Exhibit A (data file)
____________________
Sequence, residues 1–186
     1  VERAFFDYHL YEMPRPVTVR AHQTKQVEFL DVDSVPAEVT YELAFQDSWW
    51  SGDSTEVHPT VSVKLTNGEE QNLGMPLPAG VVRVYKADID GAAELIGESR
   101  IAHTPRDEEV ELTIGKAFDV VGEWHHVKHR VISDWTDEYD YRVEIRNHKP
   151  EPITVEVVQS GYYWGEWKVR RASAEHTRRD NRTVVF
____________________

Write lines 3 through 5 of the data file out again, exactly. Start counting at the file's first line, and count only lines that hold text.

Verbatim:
    51  SGDSTEVHPT VSVKLTNGEE QNLGMPLPAG VVRVYKADID GAAELIGESR
   101  IAHTPRDEEV ELTIGKAFDV VGEWHHVKHR VISDWTDEYD YRVEIRNHKP
   151  EPITVEVVQS GYYWGEWKVR RASAEHTRRD NRTVVF